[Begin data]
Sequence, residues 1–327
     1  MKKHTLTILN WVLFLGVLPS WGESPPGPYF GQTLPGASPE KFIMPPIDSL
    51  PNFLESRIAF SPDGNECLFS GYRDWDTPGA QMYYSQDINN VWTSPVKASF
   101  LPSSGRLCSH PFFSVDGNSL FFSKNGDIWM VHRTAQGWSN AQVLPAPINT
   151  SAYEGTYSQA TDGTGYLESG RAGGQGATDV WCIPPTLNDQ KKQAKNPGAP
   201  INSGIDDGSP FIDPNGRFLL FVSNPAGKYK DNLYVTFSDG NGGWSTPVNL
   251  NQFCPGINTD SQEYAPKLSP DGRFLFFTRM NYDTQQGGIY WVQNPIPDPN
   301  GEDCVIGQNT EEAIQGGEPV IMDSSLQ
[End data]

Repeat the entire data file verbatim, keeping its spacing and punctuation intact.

Sequence, residues 1–327
     1  MKKHTLTILN WVLFLGVLPS WGESPPGPYF GQTLPGASPE KFIMPPIDSL
    51  PNFLESRIAF SPDGNECLFS GYRDWDTPGA QMYYSQDINN VWTSPVKASF
   101  LPSSGRLCSH PFFSVDGNSL FFSKNGDIWM VHRTAQGWSN AQVLPAPINT
   151  SAYEGTYSQA TDGTGYLESG RAGGQGATDV WCIPPTLNDQ KKQAKNPGAP
   201  INSGIDDGSP FIDPNGRFLL FVSNPAGKYK DNLYVTFSDG NGGWSTPVNL
   251  NQFCPGINTD SQEYAPKLSP DGRFLFFTRM NYDTQQGGIY WVQNPIPDPN
   301  GEDCVIGQNT EEAIQGGEPV IMDSSLQ